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How a Jewish story became a universal hit

A scene from the movie Call Me by Your Name

Darling of the Sundance Film Festival Call Me by Your Name is nominated for four Academy Awards, including Best Picture, Best Actor and Best Adapted Screenplay (the Oscars will be handed out March 4 in Hollywood, Calif.). It’s on every must-see movies list this season. But is it a Jewish story?

Let me attempt to answer that question in a very Jewish way – by asking another question. What makes a story Jewish?

In this case, the story is based on the 2007 novel by André Aciman, a Sephardic Jew known for his memoir Out of Egypt, which chronicles several generations of the writer’s family, from arriving in Alexandria to ultimately being persecuted and exiled. By contrast, the central characters in Call Me by Your Name don’t need to hide their Jewish identity. Their sexual identity, however, is another matter.

Seventeen-year-old Elio is spending the summer with his American father, a professor, and Italian mother at their villa in the northern Italian countryside. In this idyllic setting, meals are served outdoors by a happy housekeeper, an obviously treasured member of the family. When the family returns at Hanukkah, she skilfully fries latkes near a table decorated with foil-wrapped chocolate coins. Although a phone call during that scene elicits a hearty “Mazel tov,” the matriarch, Annella Perlman (played by Amira Casar), characterizes her family as “Jews of discretion.”

What the heck does that mean? Sounds like hollow left-wing verbiage. (Oops! Did I say that? So Jewish of me.) We deduce that the Perlmans are diehard liberals, not only due to their lifestyle immersed in academia, but also, given that it’s 1983 and they have a 17-year-old son, the Perlmans are, de facto, a product of the ‘60s. And, along with their summer guest, Oliver, a doctoral student who is helping Professor Perlman with some projects, they are the only Jews in town. Oliver is endowed with picture-perfect looks, athletic grace and easy charm – an improvement over previous students, according to giddy girls who watch him dance at the local bar.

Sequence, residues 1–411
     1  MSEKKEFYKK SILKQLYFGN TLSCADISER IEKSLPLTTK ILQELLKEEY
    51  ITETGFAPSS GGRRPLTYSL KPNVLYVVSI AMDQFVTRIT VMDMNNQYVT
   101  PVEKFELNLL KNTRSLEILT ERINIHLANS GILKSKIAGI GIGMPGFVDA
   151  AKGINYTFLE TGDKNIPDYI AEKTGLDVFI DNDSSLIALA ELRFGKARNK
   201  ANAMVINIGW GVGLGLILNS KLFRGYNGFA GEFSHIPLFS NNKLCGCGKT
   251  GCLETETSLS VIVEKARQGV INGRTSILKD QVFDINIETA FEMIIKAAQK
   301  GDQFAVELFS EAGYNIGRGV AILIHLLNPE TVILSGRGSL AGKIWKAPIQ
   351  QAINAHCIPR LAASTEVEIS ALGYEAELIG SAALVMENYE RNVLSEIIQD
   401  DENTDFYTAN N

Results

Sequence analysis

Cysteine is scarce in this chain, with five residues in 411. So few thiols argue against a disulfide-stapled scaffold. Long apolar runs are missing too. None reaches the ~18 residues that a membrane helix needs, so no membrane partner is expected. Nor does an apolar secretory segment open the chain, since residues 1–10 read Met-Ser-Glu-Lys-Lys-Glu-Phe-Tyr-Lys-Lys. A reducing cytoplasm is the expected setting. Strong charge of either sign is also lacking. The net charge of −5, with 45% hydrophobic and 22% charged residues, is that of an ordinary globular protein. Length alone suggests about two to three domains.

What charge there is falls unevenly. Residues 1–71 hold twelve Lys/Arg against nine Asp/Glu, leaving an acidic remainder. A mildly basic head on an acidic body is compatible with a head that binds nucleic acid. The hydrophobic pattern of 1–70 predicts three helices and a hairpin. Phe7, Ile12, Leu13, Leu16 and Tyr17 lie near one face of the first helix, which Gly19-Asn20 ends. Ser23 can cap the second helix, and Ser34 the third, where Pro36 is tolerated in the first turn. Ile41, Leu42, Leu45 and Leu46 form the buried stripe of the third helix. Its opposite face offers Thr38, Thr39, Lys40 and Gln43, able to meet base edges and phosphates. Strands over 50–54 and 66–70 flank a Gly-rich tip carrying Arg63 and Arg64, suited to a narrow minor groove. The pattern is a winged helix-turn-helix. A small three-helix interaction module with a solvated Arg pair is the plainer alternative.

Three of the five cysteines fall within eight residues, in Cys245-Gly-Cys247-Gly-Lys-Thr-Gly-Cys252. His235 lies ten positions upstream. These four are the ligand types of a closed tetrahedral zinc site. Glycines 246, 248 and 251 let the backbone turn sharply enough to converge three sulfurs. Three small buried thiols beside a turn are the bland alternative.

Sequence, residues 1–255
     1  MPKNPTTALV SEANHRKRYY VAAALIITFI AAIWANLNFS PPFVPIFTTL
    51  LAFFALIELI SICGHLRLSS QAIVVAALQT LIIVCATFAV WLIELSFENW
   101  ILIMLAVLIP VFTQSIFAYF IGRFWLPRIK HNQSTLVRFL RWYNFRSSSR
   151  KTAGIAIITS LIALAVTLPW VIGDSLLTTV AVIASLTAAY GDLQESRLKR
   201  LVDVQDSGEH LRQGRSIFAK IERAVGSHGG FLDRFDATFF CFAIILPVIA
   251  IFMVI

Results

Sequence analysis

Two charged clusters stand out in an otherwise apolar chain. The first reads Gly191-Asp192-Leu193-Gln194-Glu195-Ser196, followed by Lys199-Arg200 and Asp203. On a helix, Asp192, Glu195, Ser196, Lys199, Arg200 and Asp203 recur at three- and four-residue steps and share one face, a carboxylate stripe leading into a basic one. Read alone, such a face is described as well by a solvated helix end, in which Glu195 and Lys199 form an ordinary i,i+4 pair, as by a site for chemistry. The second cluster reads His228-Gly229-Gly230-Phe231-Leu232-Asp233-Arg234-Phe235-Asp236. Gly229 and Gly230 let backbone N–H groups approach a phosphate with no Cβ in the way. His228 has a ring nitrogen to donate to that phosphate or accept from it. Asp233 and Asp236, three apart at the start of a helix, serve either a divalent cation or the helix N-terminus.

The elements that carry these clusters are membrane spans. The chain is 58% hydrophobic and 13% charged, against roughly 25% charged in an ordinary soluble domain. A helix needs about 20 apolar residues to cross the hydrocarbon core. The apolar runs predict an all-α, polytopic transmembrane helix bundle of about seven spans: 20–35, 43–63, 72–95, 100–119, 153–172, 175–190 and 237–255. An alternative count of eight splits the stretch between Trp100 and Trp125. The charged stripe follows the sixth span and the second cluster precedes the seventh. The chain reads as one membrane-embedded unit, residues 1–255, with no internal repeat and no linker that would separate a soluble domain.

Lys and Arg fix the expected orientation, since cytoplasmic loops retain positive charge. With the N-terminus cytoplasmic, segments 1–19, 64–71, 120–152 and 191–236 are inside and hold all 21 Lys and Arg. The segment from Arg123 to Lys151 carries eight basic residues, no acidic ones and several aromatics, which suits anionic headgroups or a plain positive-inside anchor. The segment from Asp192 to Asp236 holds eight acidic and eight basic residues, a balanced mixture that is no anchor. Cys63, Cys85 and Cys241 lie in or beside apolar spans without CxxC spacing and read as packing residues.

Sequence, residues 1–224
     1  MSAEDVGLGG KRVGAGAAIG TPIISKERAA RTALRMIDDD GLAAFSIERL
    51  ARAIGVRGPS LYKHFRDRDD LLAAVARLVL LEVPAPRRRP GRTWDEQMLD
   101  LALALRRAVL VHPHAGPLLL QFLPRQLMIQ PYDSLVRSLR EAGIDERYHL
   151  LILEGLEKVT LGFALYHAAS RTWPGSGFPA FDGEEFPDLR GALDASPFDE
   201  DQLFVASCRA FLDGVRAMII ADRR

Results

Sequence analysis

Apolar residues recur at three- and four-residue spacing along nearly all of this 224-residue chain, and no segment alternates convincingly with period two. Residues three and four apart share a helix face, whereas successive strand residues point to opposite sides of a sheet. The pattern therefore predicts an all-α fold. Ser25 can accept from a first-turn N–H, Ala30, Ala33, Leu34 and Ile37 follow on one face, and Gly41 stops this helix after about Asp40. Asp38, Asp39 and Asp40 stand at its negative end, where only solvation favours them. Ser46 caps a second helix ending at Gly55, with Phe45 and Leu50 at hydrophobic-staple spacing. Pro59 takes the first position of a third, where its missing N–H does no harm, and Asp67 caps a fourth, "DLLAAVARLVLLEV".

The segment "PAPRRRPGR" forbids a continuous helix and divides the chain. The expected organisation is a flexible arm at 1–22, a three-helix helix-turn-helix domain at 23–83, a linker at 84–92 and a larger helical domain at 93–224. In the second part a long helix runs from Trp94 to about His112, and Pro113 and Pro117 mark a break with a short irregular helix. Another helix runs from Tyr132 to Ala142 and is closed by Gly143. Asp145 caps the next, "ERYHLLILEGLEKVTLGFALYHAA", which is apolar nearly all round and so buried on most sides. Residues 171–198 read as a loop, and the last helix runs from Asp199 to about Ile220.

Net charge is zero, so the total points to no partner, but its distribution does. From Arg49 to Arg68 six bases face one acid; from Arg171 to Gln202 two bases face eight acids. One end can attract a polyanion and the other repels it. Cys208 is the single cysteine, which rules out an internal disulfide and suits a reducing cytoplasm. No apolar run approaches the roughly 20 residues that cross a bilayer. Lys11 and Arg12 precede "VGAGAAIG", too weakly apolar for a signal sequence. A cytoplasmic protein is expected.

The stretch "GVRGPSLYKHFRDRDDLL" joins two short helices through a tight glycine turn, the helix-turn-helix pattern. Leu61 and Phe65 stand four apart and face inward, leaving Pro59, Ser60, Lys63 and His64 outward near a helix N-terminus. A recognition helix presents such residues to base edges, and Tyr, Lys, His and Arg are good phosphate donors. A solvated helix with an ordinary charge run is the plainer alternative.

The camera loves every angle of Oliver’s face, but there are subtle hints of that foreshadow the finale. A jetlagged Oliver sleeps through dinner, but cheerfully emerges to an al fresco breakfast. He is served a quintessential soft-boiled egg, which he clumsily decimates. It’s promptly removed and replaced; not so easy to fix people’s emotions.
Noticing a gold Magen David around Oliver’s neck, Elio is spurred to wear his own. While the Jewish bond is established immediately, acknowledging physical attraction is trickier.

Elio is confounded by his growing feelings for Oliver and tries to discover whether the interest is mutual. This works as a metaphor for the subtle games Diaspora Jews sometimes engage in to ascertain whether someone they meet is Jewish – for example, dropping Yiddishisms only a fellow tribe member would pick up.

So Call Me by Your Name is definitely Jewish. But there’s another question: is it good for the Jews?

The fact that we still ask this question highlights the precariousness of being Jewish in this world. And that precariousness unites us with other minorities and persecuted groups, such as the gay population. From my view, it should be a great moment for Jews when a story can be about gay love and the protagonists just happen to be Jewish.
So the challenge and value of authenticity is a strong theme of Call Me by Your Name. While being true to oneself is a quality many Jews historically staked their life on – making this a Jewish story – the concept of gay love will certainly be met with responses like “abomination” from within our own community. Controversy? Pretty Jewish. How many different views do Jewish mothers and fathers espouse?

Elio’s father’s heartfelt words to his son constitute a masterpiece monologue, the likes of which should be every parent’s dream to deliver. He confesses surprising mistakes and regrets. Without telling his son what to do, he advises him not to deny his pain in order to avoid being “emotionally bankrupt at 30.” Oliver is not so fortunate with his father, and so his need to live a charade is explained.

Ultimately, Call Me by Your Name is about something far more intimate than just sex. I think the reason this movie is striking a chord with such a broad audience is because it’s not just about Jewish love or gay love or first love – it’s about once-in-a-lifetime love. While many people won’t notice the latkes or the gold coins, everyone can empathize with the angst of teenage uncertainty, the complacency of middle age and the redemptive power of love.

Call Me by Your Name transcends the specifics of its own story, and that’s what makes it a universal – and, yes, Jewish – film.